What is a Live Stream?
Live streams, also known as live video streaming, has been used for years by the tech and gaming industries to garner attention for their products and events. Though still a newer technology, live streaming services are growing in audience size, number of platforms available and content categories. If you have a business, product, service or event with a visual element to it, you may be ready to try live streaming.
Benefits of Hosting a Live Stream
Live streams can offer many benefits to you and your business. For instance, if you’re planning an event that has a limited number of available tickets or is difficult to gain entry to, you may consider live streaming your keynote. This is a fairly common practice for the keynote address of many tech conventions. Additionally, depending on the platform you choose to use, your a recording of your live stream may be available to watch online immediately. No more waiting on edits, unless you want them.
Furthermore, live streams are an excellent way of receiving near-instant feedback. Although most platforms will have a nominal delay of 15-30 seconds, they also offer the ability to host a stream-oriented chat. Whether it’s the time-logged likes and comments of Facebook Live or the full-blown chat of Twitch, a live stream can help you find out exactly what the internet thinks within a small window of time.
When incorporated with a robust social media effort, live streams can grow, maintain and help you interact more with your audience and community.
Live Streaming Platforms
Chow-Bryant has first-hand experience with the following platforms:
Great for creative and video game-oriented endeavors, Twitch.tv has a robust chat feature as well as temporary recordings (about one week) of each stream. This platform is excellent for reaching the 18-45 male demographic.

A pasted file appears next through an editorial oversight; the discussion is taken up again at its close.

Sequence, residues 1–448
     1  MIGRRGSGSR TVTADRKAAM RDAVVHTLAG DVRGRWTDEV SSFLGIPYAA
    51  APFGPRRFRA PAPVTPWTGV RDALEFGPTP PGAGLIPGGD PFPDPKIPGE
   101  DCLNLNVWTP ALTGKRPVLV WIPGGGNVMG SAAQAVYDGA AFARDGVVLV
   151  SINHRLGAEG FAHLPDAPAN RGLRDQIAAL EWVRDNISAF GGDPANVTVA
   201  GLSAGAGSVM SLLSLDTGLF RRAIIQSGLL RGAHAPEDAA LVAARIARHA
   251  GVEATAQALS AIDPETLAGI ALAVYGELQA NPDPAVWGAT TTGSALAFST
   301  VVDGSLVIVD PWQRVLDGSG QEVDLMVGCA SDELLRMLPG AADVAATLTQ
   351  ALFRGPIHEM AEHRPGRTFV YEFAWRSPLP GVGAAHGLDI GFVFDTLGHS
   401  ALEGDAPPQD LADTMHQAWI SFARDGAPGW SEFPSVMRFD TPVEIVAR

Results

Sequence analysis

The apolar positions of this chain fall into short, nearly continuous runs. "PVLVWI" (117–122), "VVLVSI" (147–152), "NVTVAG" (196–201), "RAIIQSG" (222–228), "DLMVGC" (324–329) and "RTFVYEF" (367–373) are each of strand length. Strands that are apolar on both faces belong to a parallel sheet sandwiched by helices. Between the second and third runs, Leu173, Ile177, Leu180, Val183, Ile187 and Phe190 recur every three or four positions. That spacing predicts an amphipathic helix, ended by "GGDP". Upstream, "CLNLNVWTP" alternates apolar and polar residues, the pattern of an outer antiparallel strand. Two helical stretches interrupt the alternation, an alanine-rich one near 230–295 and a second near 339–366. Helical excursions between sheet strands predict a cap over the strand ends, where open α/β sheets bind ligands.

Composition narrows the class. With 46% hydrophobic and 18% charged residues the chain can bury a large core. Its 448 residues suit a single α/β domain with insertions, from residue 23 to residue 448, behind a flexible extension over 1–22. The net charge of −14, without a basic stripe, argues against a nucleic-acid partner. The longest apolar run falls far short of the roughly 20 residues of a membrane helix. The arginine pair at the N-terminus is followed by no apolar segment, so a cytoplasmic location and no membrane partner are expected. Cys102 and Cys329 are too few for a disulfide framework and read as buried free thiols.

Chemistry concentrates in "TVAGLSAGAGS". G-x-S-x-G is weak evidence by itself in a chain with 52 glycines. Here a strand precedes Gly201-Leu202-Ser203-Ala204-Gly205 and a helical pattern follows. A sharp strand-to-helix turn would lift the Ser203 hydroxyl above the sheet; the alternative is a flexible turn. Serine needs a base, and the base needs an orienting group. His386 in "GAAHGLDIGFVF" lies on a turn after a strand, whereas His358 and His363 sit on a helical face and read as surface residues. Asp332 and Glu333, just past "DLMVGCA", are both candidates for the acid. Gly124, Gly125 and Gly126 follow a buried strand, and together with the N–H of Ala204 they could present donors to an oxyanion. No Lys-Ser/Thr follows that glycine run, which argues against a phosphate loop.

Facebook Live and Periscope by Twitter
As an addition to a robust social media strategy, Facebook Live and Periscope offer you the ability to interact with your existing community while also growing it. Facebook Live streaming spreads in a way similar to how a photo is shared–via comments and likes from your followers, their friends and so forth. Periscope, on the other hand, is more location-based. People in your existing community can see your stream, but there is also a map that allows new users to drop in and see what you’re doing.
In both cases, users may elect to receive alerts when you start live streaming.
With its integration into existing channels, live chat, video recording and all the other features of Youtube, YouTube Live is a robust and varied platform. This is where many businesses will likely find their footing. From live streams of 3-D printers to the International Space Station, the platform has something for everyone. It is especially effective for live streaming panel discussions, which can be hosted using Google Hangouts On Air. These can even be scheduled ahead of time and promoted to your existing community.